We need to challenge the thinking of people who call for lower unemployment AND lower deficits in the near term. In the absence of something or someone magically creating demand for goods and services, the government is going to need to do the job.  (And, we can learn from Japan's mistakes over the past 17 years - maybe that's another post).

Back to Blogging

Well I'm back to blogging.  I stopped a year ago to focus on a new baby and an increasing work load.  However, I'd like to share some thoughts on our Economic situation and politics

Sunday, September 20, 2009


I'm getting very tired of listening to the media "parrot" conservative economists' concerns about the size of the deficit.

Without "parroting" economists much smarter than myself, let me say that there is no avoiding considerable deficit spending in the short term without throwing this economy into a depression.
In the longer term, when UNEMPLOYMENT eases, we will need to dial back our government spending considerably or risk forcing draconian actions in monetary policy.
As for the money the government is currently spending, we need to make sure we're spending on programs that improve EMPLOYMENT. Progressive politicians should not be using the crisis as an excuse to fund "pet rocks"! (I don't consider Health Care a pet rock as it's wrapped up in the problem of unemployment... another post on that later).
Pet Rocks are bad because, if we don't pay attention, our debt will reach levels that will be very painful to service in the future. Yes, Yes, we can grow out of debt, but think about the demographics of our nation that differ from the patterns of the last 50 years.
We have a large "boomer" population that is thinking about downsizing and reducing spending as they move into retirement (or semi-retirement). How fast do you think the US economy can grow in the coming 25 years?
We need to solve the unemployment problem as our #1 priority. This is important folks!

Too Big To Fail

Finally, this topic is getting a little more attention in the press. The facts are clear. We basically have 4 major banks: Wells Fargo, Citi, BOA, and Chase. In another financial crisis, could any of these be allowed to fail without throwing the economy into the dark ages?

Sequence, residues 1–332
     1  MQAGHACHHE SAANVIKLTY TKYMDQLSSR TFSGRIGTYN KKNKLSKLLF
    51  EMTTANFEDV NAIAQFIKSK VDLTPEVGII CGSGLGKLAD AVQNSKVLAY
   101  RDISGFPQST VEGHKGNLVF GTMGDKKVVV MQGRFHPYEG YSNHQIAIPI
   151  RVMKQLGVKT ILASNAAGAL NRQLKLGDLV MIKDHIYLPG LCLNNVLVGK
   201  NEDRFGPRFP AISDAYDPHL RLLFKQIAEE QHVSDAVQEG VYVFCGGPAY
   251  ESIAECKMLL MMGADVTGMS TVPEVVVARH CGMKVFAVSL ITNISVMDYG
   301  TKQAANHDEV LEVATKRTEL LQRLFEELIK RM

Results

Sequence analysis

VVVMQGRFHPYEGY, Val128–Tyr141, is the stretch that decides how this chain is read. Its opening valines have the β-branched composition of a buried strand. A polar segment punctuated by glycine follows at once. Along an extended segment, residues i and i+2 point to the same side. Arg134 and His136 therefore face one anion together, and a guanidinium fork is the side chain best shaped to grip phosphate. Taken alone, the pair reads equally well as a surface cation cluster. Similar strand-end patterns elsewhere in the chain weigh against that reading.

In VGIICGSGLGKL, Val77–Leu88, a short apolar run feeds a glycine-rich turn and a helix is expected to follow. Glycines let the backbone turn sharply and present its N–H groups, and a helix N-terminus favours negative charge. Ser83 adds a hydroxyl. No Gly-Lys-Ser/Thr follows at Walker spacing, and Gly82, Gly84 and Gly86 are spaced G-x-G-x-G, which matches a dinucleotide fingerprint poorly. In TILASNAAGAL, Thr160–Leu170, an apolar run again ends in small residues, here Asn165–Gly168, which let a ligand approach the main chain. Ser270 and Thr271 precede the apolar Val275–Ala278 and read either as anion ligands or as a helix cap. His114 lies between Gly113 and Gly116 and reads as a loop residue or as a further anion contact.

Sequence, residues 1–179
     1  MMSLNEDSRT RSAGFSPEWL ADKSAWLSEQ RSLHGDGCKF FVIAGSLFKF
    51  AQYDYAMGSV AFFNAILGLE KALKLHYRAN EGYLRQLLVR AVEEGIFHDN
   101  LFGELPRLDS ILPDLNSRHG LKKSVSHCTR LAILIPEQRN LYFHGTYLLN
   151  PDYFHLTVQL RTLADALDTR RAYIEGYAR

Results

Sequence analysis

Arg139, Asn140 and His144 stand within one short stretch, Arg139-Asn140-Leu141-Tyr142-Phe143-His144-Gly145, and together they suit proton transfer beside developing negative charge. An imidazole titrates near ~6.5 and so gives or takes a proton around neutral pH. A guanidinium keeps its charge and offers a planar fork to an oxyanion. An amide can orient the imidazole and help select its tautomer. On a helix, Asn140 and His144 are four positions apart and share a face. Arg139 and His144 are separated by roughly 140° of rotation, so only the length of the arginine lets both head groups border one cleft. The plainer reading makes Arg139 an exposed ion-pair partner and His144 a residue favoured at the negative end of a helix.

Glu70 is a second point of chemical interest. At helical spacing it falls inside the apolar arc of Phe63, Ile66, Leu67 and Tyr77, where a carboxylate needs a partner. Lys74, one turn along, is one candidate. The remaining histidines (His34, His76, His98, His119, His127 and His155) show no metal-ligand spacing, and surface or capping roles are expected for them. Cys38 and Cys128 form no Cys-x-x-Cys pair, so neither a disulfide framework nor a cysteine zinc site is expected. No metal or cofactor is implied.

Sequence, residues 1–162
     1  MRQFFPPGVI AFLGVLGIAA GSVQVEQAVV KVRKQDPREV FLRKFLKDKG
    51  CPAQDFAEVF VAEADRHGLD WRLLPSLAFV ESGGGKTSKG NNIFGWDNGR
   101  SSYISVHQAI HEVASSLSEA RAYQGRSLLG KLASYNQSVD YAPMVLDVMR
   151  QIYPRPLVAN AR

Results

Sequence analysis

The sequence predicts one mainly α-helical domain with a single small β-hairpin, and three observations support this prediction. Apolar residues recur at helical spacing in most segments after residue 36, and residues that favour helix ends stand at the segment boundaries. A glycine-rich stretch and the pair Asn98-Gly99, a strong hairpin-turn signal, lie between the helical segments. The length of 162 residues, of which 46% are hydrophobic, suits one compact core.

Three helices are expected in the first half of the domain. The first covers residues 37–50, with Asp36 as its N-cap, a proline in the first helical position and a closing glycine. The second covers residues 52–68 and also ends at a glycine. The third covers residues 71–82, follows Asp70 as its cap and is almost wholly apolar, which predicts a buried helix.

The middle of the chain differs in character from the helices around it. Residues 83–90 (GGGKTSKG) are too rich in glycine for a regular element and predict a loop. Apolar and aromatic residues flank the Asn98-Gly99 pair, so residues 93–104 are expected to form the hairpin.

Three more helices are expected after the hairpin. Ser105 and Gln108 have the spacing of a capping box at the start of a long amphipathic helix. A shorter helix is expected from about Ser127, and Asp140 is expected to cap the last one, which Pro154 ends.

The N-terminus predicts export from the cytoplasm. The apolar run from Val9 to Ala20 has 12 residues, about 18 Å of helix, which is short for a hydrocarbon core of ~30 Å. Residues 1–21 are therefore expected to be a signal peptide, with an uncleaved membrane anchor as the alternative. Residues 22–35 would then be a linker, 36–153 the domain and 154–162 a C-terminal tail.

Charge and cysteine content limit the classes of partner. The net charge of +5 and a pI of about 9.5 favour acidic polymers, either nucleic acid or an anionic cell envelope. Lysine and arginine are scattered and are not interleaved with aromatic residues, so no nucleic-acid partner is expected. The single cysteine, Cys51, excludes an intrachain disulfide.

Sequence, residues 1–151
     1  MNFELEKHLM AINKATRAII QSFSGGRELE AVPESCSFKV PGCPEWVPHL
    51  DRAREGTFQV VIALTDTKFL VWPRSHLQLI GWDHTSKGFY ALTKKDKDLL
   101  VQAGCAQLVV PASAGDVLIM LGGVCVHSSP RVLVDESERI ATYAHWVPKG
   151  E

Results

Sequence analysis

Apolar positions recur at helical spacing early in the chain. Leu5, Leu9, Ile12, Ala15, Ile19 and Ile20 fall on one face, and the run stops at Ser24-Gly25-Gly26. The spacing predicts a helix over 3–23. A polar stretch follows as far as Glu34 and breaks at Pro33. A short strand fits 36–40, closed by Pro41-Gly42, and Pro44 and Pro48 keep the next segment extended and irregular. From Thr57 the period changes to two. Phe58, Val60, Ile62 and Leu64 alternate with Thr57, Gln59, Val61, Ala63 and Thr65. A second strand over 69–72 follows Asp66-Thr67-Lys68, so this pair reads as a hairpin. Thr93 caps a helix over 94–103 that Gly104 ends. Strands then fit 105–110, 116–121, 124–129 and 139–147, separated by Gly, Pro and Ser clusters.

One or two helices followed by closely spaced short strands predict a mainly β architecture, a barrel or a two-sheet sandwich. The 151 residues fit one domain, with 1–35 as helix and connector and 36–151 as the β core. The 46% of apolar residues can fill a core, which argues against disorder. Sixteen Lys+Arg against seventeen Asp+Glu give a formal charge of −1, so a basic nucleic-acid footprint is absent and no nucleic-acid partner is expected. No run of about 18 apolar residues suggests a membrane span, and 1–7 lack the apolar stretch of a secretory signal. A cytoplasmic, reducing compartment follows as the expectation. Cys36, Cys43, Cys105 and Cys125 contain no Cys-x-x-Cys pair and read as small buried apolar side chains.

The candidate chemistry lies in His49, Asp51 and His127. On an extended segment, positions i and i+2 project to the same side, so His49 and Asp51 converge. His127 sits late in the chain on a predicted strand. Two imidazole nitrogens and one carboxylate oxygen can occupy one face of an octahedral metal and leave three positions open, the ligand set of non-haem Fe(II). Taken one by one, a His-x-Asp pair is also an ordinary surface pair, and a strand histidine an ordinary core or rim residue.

Is it me? Or, is this just nuts?
Shouldn't we work for a situation where we have many, many "athletic" banks that can service the market's needs? They could team up on specific large deals. We could regulate the number that could get involved an any one deal, and/or the number that could/should get involved in specific segments of the business and financial markets.
Whatever the outcome, a break up of these banks is required. Hell, we broke up "Ma Bell" for reasons less critical to the world economy .

Friday, June 12, 2009

Inflation Expectations = Reality for Interest Rates

I've been very busy and haven't posted for a while, but mortgage rates have me concerned.Yes, they are low based on historic averages, but they are not low enough NOW. 
As most people know, the price for debt in the T-bond market is determined by inflation expectations. If investors expect the value of the dollar to decrease they demand that Treasury bonds to yield more. Mortgage securities compete with 10 year T-bonds (since the maturity is about the same on average) hence the historic correlation between their rates.  Mortgage backed securities investors typically get a higher yield from MBS because you and I are more likely to default than the US Government (hopefully).  So, mortgage rates are almost always a little higher (more or less) than 10 bonds.
As far as I can tell, unfounded inflation expectations are what is driving up T-bond, and hence mortgage, rates.  However, as Paul Krugman explains, interest rates should not be rising because there is an excess in global savings looking for a place to go - money should be cheap. This should keep interest rates down.  What's going on?
The answer must be risk.  The risk of inflation (percieved or not) in the bond market, and the investment risk in the corporate market is keeping rates higher.  While expectations of growth are good on the one hand, higher mortgage rates could choke the economy.  The current 30-year fixed rate of about 5.6% is still pretty low, but it can't go much higher to quickly.